1. Apparatus for chilling water and for suppling chilled water to a system employing the same variously at normal rate and at peak load rate, said apparatus comprising a vertically elongated tank for storing a relatively quiescent mass of chilled water below and in, contact with a relatively quiescent -mass of warm water; a warm water inlet communicating with the upper portion of said tank for delivering warm water to said tank; a chilled Water outlet communicating with the lower portion of said tank; means including a conduit for conducting chilled Water from said outlet to the system in accordance with the demands of the system; and means for maintaining in said tank a volume of chilled water in excess of that required to supply the normal rate required by the system so that said tank serves as an accumulator for chilled water, said means including a refrigerator circuit having a heat exchanger for transferring heat from a iiuid stream to a refrigerant stream, a warm water conduit communicating with the upper part of said tank and with said heat exchanger, a chilled Water conduit communicating with said heat exchanger and with the lower part of said tank and a pump for passing a stream of water from the upper part of said tank through said warm water conduit, said heat exchanger and said chilled water conduit into the lower part 0f said tank at a rate in excess of said normal rate employed by the system whereby during said normal rate the amount of chilled water in said tank increases.

2. Apparatus as in claim 1 liquid level responsive means for controlling the flow of warm water into said Warm water inlet of said tank, said means including upper 'and lower liquid level sonsors associated with said tank above the inlet end of said warm water conduit.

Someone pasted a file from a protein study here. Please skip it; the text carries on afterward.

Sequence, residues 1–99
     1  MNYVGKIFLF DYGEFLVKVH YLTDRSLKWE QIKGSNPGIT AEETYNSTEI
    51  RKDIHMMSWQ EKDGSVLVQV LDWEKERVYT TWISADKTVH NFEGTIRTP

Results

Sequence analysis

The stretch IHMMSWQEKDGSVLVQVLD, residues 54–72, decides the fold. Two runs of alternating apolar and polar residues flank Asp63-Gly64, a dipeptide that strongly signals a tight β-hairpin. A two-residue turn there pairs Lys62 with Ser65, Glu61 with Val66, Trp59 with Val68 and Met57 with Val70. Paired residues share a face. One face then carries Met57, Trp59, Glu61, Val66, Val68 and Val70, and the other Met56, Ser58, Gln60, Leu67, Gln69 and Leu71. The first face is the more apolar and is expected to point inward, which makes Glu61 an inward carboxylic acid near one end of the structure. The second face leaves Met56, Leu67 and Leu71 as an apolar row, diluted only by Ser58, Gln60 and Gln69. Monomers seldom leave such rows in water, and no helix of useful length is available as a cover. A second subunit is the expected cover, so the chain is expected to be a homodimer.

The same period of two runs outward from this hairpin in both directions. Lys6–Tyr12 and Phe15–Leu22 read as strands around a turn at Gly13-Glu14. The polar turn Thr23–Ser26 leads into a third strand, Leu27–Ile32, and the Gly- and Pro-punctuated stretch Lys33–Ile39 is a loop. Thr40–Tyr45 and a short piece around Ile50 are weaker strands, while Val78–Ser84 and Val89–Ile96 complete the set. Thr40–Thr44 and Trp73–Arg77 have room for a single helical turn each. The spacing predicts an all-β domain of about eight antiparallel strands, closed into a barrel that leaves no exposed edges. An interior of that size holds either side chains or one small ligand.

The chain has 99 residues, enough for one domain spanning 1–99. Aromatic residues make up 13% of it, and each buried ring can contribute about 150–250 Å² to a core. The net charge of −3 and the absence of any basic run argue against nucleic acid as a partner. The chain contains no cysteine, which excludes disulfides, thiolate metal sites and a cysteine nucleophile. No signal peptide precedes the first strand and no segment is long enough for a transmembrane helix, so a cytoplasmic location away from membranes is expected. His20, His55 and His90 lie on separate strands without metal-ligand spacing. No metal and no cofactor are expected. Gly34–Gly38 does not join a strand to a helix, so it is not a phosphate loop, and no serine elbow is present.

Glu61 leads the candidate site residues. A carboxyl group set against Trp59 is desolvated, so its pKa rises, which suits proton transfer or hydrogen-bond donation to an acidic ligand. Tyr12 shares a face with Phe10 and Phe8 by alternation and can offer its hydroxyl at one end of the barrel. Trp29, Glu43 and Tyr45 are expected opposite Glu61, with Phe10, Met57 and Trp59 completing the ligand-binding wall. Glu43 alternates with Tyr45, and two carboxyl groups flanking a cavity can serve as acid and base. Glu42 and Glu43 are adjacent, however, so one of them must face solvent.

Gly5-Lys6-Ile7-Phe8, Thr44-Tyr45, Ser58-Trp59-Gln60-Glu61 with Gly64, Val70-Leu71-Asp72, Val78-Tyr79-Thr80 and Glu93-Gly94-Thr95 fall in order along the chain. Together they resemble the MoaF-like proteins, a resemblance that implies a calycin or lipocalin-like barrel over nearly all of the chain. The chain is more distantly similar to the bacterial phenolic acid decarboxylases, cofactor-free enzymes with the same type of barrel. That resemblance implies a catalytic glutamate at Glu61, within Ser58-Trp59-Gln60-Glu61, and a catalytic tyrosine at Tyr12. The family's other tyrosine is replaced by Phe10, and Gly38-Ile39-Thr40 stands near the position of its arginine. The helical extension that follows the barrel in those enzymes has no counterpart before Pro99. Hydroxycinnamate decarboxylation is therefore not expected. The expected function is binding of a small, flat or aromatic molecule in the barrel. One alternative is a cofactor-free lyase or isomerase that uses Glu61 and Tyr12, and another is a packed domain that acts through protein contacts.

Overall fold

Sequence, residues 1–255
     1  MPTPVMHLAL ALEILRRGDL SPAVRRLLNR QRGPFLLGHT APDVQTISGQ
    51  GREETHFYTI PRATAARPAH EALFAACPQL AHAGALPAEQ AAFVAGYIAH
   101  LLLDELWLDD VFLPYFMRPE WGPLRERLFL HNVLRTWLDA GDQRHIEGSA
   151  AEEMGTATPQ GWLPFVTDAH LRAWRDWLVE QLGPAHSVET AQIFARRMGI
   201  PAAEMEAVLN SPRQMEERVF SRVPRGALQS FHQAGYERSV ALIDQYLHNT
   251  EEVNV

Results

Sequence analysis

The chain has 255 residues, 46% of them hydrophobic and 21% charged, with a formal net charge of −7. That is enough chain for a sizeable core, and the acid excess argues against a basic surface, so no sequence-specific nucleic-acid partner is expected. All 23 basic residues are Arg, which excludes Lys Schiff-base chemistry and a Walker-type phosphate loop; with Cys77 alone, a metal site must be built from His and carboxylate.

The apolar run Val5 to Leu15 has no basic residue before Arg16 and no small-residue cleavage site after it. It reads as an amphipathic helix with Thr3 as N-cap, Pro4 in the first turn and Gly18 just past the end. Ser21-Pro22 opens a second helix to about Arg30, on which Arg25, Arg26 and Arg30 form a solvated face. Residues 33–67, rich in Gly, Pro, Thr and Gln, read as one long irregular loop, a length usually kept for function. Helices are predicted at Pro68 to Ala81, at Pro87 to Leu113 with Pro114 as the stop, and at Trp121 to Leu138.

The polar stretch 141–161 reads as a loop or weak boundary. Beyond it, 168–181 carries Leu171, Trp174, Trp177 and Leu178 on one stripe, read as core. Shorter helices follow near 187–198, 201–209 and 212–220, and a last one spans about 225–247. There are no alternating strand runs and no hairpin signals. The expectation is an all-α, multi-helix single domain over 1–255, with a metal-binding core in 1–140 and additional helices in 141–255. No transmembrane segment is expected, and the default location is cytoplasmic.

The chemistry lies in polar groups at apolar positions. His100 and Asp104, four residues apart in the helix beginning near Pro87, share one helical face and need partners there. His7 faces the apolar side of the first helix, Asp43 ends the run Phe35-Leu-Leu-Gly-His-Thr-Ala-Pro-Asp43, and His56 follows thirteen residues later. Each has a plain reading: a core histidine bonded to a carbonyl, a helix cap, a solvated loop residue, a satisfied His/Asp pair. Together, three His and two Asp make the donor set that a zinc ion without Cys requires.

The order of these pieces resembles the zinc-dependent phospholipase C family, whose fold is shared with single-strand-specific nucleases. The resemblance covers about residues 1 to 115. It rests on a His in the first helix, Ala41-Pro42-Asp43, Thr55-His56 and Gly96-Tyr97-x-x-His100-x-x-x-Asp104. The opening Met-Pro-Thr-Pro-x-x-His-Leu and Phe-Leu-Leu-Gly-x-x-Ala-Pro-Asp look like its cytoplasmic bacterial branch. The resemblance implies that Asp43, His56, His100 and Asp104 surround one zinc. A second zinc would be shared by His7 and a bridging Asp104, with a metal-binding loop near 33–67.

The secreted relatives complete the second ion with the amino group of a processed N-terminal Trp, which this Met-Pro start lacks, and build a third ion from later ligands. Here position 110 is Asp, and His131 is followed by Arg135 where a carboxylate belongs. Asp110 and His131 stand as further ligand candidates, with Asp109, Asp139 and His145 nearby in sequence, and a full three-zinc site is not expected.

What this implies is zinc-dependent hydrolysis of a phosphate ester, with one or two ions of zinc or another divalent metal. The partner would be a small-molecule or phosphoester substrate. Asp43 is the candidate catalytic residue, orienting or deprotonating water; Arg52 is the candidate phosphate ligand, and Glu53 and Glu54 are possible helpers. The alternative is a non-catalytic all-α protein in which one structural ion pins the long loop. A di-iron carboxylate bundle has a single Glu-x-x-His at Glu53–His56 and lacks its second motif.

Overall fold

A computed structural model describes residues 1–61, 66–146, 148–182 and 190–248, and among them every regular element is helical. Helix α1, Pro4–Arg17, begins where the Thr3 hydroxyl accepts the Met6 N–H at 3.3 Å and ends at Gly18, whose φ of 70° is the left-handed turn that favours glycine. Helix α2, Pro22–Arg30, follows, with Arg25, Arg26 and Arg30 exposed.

3. Apparatus as in claim 1 in combination with a vacuum deaerator for delivering deaerated Warm Water to said tank, said vacuum deaerator including deaerator tank means, means for intermittently sealing and venting said deaerator tank means, Warm water inlet means associated with said deaerator tank means, a pump having an inlet connected to said deaerator tank means below the water level therein for pumping water out of said deaerator tank means when the latter is sealed whereby a deaerating vacuum is produced in said deaerator tank means, said pump having an outlet connected to said warm water inlet of said chilled Water tank;

and means for periodically removing gases from said chilled water tank, said means including a gas skimming conduit disposed in said chilled Water tank "and having an open end arranged above the water surface therein, an external conduit connecting the other end of said gas skimming conduit to said deaerator tank means and one-way valve means associated with said external conduit for permitting fluid flow only out of said chilled water tank Whereby the periodic vacuum in said deaerator tank means removes accumulated gases from said chilled Water 7 tank through said skimming conduit and said eX- ternal conduit.